Viewing 3 reply threads
  • Author
    • #517
      SAQN admin

      Ammonia was a very popular topic of conversation at our launch. Some of the questions raised were:

      NH3 emissions from Ag activities are an issue and high on DEFRA’s agenda. Livestock sheds do contribute to those emissions but there is limited (if no) understanding / inventory of those emissions and building permit regulations, as set today, do not allow much control over them. In-shed NH3 generation can also be detrimental to animal welfare and growth (e.g. poultry). Could we imagine a project/ POC looking at measuring/ monitoring/ mapping actual NH3 emissions from chicken/ pigs sheds across the UK and developing chemistry-based mitigation solutions? Results could support the development of new policies and regulations. It would also be an opportunity to validate new technologies (reliable NH3 sensing, cost-effective NH3 abatement) with the potential to take them to commercialisation.

      Evaluation of ammonia monitoring, ambient vs. long path vs satellite
      Build on the STFC Food Network project. Evaluate the long path monitoring technique against traditional ambient monitoring and satellite data retrieval.
      Allowing us to provide best policy advice on how to measure effectiveness of interventions to reduce ammonia emissions from slurry pools, fields or farm-wide levels.

      STFC capability could support the development of vertical profilers for addition to, e.g., urban supersites and FAAM, to measure vertical concentration profiles, incl. for ammonia. These are needed to link groundbased and EO measurements, improve EO retrievals and to assess chemistry and transport models.

      There are many groups developing systems for measuring NH3. STFC could support this community with information on sensor technology. SAQN+ could support some a discussion forum and information exchange.

    • #518
      SAQN admin

      From Jim Mills, EIC
      On the matter of ammonia sensing/monitoring. As Ammonia is notoriously difficult to transport in sample lines without significant losses and memory effects due to its “sticky” nature it may be worth considering open path optical sensing. Tuneable Diode Laser (TDL) systems can measure down to around 50-100ppb with path-lengths of just 10m (5m physically between transmitter and detector) The atmosphere inside animal houses could be monitored directly without the need for complex multi-point heated sampling systems. The longer the path-length (up to around 100m) the better the D.L.
      If anyone is interested, I would be happy to discuss further and possibly help facilitate a project.

    • #519
      SAQN admin

      Kevin Smith, STFC

      Hi Jim,
      There are two groups within STFC’s RAL Space that are interested in developing ammonia emissions monitoring systems. One idea has been proposed for STFC Challenge Led Applied Systems (CLASP) funding and would develop a prototype instrument using passive microwave technology for measurements in animal houses or over fields. The other is a system that would allow eddy covariance measurements for identifying sources and sinks of ammonia in the environment. This would use an STFC-patented technique called laser dispersion spectroscopy enabling measurements to be made with 1ppb sensitivity at 10Hz. I’d be very happy to put you in touch with the scientists involved if useful.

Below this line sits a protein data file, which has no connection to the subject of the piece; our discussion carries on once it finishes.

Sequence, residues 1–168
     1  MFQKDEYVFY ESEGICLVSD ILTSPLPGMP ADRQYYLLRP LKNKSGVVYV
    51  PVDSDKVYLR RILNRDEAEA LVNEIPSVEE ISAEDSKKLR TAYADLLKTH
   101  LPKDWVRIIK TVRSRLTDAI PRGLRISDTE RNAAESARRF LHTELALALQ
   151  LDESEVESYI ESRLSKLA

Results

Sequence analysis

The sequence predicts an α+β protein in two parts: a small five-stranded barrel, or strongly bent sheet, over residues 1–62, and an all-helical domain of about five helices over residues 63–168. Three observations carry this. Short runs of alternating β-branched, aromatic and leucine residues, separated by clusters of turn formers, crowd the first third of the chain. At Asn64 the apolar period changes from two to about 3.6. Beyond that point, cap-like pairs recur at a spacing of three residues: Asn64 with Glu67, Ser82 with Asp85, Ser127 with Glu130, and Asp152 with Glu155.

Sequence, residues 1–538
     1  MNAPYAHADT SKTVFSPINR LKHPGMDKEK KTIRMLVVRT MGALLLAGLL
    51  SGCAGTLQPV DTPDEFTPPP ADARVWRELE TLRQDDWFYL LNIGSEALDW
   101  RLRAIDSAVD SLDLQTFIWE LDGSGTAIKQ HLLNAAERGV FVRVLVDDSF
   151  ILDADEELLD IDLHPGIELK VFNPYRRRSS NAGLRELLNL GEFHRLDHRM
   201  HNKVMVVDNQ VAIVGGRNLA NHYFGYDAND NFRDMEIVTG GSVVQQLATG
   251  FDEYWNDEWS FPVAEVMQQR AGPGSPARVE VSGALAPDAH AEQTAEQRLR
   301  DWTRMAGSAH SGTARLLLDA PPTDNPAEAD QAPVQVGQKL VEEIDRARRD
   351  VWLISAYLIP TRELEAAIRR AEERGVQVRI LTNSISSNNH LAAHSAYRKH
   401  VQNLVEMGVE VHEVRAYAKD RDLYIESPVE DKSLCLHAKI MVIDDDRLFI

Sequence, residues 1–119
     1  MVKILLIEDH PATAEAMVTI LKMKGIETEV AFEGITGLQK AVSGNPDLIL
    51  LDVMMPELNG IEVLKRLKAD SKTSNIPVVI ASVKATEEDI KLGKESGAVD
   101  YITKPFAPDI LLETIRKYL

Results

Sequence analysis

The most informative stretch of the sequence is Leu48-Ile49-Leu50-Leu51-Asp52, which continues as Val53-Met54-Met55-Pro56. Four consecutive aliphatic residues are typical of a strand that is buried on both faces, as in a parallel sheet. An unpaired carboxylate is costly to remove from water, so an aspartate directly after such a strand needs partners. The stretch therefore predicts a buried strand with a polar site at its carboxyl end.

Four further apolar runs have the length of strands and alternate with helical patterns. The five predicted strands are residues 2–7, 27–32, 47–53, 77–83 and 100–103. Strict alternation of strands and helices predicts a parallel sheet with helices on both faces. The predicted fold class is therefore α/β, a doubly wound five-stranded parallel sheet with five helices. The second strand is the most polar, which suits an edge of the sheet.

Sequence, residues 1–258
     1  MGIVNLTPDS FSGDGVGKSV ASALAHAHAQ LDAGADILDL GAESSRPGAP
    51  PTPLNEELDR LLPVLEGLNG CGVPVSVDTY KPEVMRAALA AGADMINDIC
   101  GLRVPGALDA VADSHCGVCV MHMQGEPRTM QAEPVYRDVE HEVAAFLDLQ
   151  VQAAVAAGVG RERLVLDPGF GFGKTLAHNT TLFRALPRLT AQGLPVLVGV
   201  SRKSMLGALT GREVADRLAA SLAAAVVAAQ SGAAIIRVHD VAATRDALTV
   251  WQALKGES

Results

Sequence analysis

• #520
      SAQN admin

      “At NPL we have an interest in ammonia measurements following our participation in a European project called Metrology for Ammonia in Ambient Air (MetNH3) where we developed stable primary standard gas mixtures in cylinders to validate certain technologies to measure ammonia. This included using our exposure chamber to traceably measure the ammonia diffusive sampling rates of all the common low cost sensors on the market to improve the accuracy of ambient monitoring, alongside assessing pumped sampling (the unofficial “reference” method).

      We collaborated with a US manufacturer to reduce the undesirable effects of water cross interference in a cavity ringdown spectrometer (CRDS), and participated in a field campaign at the Centre for Ecology and Hydrology, which included an open path spectrometer. We have subsequently developed a controlled release facility for ammonia and are working with an SME developing a laser dispersion spectrometer for open path measurements of ammonia through Analysis for Innovators (A4I).

      We would also be interested in being involved in projects that are trying to map agricultural releases of ammonia using the latest technologies. For example, extractive measurements require careful sampling strategies but open path measurements can have issues to do with the spectroscopic background.”

      Dr Nick Martin
      National Physical Laboratory


Viewing 3 reply threads
  • You must be logged in to reply to this topic.